Paulette Macarons ick
ew ew ew ew ew ew ew ew ew ew yuck ew ew ew
The above was written by my daughter who just got back from Paris and was craving macarons. We decided to try Paulette's after reading about them on the board. They are beautiful to look at, but have NO FLAVOR! We tried several and both agreed. Rarely do I toss out food. I tossed these out.
FYI: Kidlet tried a macaron at every patisserie she could find in Paris. Lived on them for months. Thinks Gregory Renard is better than Laduree.
I think "ick" might be too strong, but I am also not a fan. They also did not score any points with their attitude in the store on all three visits I made.
Hum, unless they changed their formula I thought Paulette's was pretty good when we went in November. Which flavors did you try? We liked the chocolate based, and the praline.
Well, I found Laduree's macaroons to be subpar when we went to Paris, so that's not saying much.
Being French and always looking for a macaron fix I was very excited when Paulette opened and went to buy a sampler. My friend Robin and I tried about 8 of them and were hugely disappointed. They all tasted the same. I mostly find them overwhelmingly sweet, cloying even, and too artificially flavored. Here's our review.
I've also had Boule and Jin. Jin's good, Boule was too sweet and dry.
My favorite macarons in LA are the ones from La Maison du Pain, but they don't make them on a daily basis. They tend to be less perfect looking than all their competitors but packed with flavors and most importantly not too sweet. If you happen to get some, my favorite flavors at LPDP are chocolate, blackberry, raspberry and lemon (with lemon curd as the filling). Their pistachio need improving, though. Their macarons are on the small side, which I tend to prefer. If you prefer large ones I guess Paulette is your place.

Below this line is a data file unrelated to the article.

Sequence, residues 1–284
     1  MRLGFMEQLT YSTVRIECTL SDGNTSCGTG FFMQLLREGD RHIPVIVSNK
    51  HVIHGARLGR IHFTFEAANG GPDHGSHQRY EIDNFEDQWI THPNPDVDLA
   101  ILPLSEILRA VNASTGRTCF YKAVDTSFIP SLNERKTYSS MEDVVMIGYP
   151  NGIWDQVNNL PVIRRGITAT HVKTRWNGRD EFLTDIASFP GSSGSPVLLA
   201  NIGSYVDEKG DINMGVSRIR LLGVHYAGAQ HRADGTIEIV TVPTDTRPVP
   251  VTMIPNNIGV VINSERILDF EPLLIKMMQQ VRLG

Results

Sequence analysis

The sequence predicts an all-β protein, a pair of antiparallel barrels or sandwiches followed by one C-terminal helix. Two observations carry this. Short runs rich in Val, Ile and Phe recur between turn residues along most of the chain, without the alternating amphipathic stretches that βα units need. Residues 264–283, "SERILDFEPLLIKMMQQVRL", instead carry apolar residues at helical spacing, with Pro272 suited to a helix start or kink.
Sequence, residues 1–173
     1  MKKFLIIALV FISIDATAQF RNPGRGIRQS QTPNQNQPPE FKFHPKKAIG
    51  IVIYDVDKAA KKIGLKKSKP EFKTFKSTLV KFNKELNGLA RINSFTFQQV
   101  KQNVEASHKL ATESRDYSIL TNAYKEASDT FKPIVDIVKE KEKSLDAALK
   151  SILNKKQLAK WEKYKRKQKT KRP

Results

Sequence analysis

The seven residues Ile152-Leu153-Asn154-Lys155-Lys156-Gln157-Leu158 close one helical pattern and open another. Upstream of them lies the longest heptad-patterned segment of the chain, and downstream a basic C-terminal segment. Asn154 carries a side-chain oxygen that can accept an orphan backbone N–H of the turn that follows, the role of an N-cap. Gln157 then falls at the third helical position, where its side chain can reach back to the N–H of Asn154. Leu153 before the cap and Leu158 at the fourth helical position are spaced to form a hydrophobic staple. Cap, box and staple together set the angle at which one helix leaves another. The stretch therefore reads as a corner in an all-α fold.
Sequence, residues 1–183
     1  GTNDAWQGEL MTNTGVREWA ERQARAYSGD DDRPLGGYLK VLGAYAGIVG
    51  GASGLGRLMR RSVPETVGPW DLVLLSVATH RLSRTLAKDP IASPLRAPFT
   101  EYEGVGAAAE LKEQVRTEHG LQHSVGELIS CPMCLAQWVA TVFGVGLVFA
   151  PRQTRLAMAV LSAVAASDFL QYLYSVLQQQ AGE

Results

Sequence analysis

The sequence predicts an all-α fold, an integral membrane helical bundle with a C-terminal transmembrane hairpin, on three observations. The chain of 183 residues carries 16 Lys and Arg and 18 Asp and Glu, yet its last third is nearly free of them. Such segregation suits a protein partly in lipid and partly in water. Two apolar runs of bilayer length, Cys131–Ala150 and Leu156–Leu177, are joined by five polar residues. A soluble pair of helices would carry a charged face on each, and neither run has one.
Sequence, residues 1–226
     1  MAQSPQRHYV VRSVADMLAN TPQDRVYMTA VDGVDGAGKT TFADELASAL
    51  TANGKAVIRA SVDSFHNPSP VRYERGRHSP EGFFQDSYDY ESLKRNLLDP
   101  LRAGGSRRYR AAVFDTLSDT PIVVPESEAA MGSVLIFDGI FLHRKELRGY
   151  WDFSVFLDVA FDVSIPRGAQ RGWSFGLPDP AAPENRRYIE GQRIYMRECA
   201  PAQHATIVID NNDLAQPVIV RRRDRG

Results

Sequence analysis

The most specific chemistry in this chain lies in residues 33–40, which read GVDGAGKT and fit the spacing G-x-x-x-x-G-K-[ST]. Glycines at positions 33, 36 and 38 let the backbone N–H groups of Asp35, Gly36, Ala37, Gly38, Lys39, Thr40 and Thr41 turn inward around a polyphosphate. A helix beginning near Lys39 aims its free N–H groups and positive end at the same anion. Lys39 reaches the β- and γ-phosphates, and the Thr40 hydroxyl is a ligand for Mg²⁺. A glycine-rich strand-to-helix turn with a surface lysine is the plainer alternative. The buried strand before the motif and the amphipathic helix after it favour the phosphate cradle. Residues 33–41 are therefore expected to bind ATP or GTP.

Here's my praise for LMDP's macarons:
So if I had to rate them I'd say in descending order1) La Maison du Pain, 2) Jin, 3) Boule and 4) Paulette.
This being said, I tend to find Laduree overrated but not "subpar".
Now after living in the US for a few years, reading reviews here and there of places I've tried and going out with fellow foodies, I've come to realize that taste buds are also subject to cultural differences. For my French palate US foods tend to be always too sweet, so I guess for someone born and bred here the sugar ratio expected in various foods may be different.
re: bad nono
That's strange, the Laduree ones we had were the worst out of the bunch, although I have to say we didn't do an absolutely exhaustive search (only Michael Cluizel, JP Hevin, and Sprungeli's luxemborgli in Switzerland). But the chief complaints we had are that they were wayyy too sweet. I didn't really care for the violet and rose flavors either.
Anyway, everyone's taste is different. For me, I wouldn't take a box of Laduree even if it's free. Not worth the calories.
BTW, I tried Chantilly's macarons also long after the other thread on macarons, and I like their matcha flavor. Thought it was quite different and has a true matcha taste, also the texture is what I preferred - lighty crunchy on the outside, slighty chewy within, and the filling is not too sweety/sticky/heavy/jam-like, more mousse-like.
I had some pretty good ones at Paulette over the holidays. Okay, the orange blossom ones were a bit odd and reminiscent of bathroom air freshener, and the cherry ones, as described above, seemed to have no flavor. The others I got, though - coffee, sweet wedding almond, violet cassis - were very flavorful. Not only that, but they were very fresh, too, which was one of my peeves the first time I visited Paulette.
Boule has really fallen from my favor. I went there a few days after visiting Paulette, and there were just three flavors - passionfruit, lemon, and two huge sheet pans of eggnog. It was December 30; was there still really that much demand for eggnog macarons? I wasn't the only person who walked out without buying macarons at Boule that day. And I don't care for Jin's small macarons at all, which are more like hard merengues with filling.